Trainer Charlie LoPresti contemplated the question, scuffed his work boots in the dirt a little, answered with a thoughtful air.
"Wise Dan? Well, he's a little bit more mature, more settled...I would say he's every bit as good as where I had him last season."
If the Horse of the Year has changed in any way since his victory in the 2012 Fourstardave Handicap (gr. IIT), a title he seeks to defend at Saratoga Race Course Aug. 10, it is less in the physical department and more in the area of legacy—undefeated since then, with seven graded stakes victories, five of them in grade I events, including a record-setting run in last year's Breeders' Cup Mile (gr. IT).
Leaving Saratoga, where he won the Fourstardave by five lengths on a yielding track, Wise Dan went on to win the Ricoh Woodbine Mile (Can-IT), Shadwell Turf Mile (gr. IT), and Breeders' Cup Mile. In 2013 he's taken the Maker's 46 Mile (gr. IT), Woodford Reserve Turf Handicap (gr. IT), and his most recent start, the Firecracker Handicap (gr. IIT).
Many have criticized this years' campaign for the three-time Eclipse Award winner, who has followed a conservative route under the supervision of LoPresti and owner/breeder Morton Fink. For LoPresti, however, the season is not about proving how talented Wise Dan is with a major dalliance from the success he found on the grass 2012.
"There's a lot of people who think I'm a chicken, that I don't want to run the horse (on dirt again), but that's not the case," LoPresti said.
Wise Dan won the 2011 Clark Handicap (gr. I) on dirt, and was second in the 2012 Stephen Foster (gr. I) by a head. And although LoPresti would have liked to try racing his champ in the Aug. 3 Whitney Invitational (gr. I)—in which half brother Successful Dan finished second—with Fink at the helm this year has become about putting the 6-year-old son of Wiseman's Ferry in a position to win each time out while successfully guiding him to a second Breeders' Cup championship run.
"It's Mr. Fink's horse and that's what he wants to do. I'm going to abide by whatever it is, unless I think it's detrimental to the horse. Then I'm going to challenge him," LoPresti said. "He's been a very good owner to me, and I will do whatever he would like to do, within reason. He knows if I think what he is doing is going to be detrimental to the horse, I'm going to tell him. But what he's done has not been detrimental to the horse.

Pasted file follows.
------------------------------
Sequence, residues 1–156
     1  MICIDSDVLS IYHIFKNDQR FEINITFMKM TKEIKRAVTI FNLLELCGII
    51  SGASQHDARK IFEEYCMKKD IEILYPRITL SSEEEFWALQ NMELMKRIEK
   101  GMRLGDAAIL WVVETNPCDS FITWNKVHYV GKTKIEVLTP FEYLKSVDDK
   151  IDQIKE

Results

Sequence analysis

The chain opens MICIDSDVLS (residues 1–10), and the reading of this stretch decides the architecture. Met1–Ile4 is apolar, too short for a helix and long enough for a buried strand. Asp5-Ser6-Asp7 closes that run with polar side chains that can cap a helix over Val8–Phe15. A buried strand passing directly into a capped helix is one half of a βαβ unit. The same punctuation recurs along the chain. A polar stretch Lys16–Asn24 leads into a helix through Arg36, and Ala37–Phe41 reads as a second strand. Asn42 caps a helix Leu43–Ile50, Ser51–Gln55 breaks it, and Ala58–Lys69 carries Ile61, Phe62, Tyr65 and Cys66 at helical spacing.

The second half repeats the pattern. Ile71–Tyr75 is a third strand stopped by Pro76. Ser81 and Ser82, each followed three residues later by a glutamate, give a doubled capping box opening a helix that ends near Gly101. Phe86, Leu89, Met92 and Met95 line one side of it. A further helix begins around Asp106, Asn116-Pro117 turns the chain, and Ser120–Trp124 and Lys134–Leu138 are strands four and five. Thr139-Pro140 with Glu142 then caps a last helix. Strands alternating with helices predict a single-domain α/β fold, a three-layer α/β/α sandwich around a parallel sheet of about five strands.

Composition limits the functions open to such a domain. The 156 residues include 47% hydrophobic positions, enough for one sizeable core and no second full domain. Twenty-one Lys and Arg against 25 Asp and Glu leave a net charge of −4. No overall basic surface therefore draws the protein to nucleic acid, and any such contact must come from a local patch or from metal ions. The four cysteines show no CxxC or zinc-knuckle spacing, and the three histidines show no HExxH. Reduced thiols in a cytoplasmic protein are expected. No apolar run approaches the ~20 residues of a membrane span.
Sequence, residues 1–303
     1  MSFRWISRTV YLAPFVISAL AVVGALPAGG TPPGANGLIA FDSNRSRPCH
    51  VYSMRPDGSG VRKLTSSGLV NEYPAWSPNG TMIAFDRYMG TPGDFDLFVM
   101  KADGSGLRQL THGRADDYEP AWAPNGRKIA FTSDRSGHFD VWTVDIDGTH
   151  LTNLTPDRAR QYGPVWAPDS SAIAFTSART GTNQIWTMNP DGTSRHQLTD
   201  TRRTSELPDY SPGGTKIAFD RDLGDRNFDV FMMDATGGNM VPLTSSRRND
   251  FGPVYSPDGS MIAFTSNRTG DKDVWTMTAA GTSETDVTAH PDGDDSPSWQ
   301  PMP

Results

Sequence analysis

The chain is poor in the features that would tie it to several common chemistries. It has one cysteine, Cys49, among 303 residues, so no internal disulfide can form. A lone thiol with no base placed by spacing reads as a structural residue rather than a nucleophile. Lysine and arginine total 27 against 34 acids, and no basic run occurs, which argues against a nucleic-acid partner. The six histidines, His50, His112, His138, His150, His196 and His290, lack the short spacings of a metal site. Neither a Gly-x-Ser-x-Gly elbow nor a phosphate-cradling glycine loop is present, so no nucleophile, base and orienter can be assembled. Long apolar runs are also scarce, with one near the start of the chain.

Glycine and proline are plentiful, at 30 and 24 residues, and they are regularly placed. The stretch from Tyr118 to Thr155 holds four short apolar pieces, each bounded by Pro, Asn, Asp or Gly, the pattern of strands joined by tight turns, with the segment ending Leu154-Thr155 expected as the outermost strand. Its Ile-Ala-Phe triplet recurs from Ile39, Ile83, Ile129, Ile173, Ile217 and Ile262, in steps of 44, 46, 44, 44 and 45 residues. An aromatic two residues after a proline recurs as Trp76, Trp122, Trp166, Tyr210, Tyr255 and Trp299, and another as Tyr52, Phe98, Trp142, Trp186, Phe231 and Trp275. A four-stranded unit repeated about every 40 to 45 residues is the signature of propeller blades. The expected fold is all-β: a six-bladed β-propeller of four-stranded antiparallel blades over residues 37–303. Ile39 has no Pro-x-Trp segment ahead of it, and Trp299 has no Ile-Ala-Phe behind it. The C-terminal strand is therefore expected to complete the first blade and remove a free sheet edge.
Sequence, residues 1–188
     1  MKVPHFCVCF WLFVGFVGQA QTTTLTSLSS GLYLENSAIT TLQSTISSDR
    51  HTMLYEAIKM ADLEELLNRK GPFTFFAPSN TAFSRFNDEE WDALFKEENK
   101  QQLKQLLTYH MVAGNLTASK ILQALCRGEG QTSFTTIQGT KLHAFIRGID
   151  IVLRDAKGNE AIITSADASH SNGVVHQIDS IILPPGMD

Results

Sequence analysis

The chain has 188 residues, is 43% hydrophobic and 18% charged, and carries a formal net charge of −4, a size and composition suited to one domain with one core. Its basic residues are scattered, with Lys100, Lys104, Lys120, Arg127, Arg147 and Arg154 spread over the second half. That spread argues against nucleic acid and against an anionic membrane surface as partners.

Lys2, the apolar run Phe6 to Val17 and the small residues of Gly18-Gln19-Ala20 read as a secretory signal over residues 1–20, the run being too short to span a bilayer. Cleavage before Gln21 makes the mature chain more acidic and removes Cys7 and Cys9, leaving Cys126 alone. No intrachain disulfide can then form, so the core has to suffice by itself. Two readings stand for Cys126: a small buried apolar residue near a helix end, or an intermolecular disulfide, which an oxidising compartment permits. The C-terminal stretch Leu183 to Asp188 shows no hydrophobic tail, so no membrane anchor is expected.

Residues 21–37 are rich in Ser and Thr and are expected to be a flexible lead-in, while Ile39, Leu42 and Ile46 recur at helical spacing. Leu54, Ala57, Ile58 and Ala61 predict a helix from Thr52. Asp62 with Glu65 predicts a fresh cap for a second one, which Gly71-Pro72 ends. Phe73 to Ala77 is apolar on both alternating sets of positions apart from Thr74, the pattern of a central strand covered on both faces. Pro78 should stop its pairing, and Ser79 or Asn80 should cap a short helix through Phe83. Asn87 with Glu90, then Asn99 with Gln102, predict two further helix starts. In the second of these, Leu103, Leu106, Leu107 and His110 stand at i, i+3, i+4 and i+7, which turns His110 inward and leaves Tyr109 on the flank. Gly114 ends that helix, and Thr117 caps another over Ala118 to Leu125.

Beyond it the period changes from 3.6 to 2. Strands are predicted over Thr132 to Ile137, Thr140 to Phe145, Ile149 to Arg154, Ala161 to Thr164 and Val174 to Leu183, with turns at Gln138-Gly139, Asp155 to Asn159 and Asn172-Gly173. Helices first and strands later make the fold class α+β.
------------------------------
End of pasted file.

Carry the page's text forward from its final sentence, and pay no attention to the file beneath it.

"Maybe in a lot of people's eyes he's not showcasing how good he really is, but that's okay. They can criticize all they want, but Wise Dan, when he's right...I don't know that there's a horse around that can beat him. And right now, he's on. He's very on."
Anyone who doubts it need only watch footage of Wise Dan's July 27 work over the Oklahoma turf course. Not asked for anything by regular exercise rider Damien Rock, the gelding went a beastly five furlongs in :57.38, galloping out six furlongs in 1:09.16 and seven in 1:22.56. His opening three-eighths fraction was :34 4/5 seconds.
The trainer tightened screws for the one-mile Fourstardave, in which Wise Dan will carry highweight of 129 pounds including Hall of Fame jockey John Velazquez, with an easy four-furlong dirt move Aug. 3 in :49.59. Wise Dan will break from the inside against six others in the Fourstardave, giving his rivals 11-14 pounds.
"I never in my life had a horse like this," LoPresti said. "People don't believe me when I tell them, but he's a freak of nature."
Ask Al Stall Jr. how good he thinks Wise Dan is, and the horseman who will saddle Claiborne Farm and Adele Dillschneider's Lea against the champ makes a quick correction.
"Not good. Great. Great. Hall of Fame, first time on the ballot. What else can you say? To be that kind of horse, you have to have everything come together. Talent, and mind, and certainly soundness."
Stall, who played the upsetter with Blame when he beat Zenyatta in the 2010 Breeders' Cup Classic (gr. I), sends out 4-year-old Lea from outside post 7 against the highweight. Never off the board in seven starts with a 4-2-1 record, last time out the copper-penny chestnut closed with a strong run in the June 29 Firecracker at Churchill Downs. But he could not usurp his elder Wise Dan, who rumbled by two lengths despite bumping the hedge over a boggy turf course. Instead, he settled for a second that Stall feels sets him up well for the Fourstardave.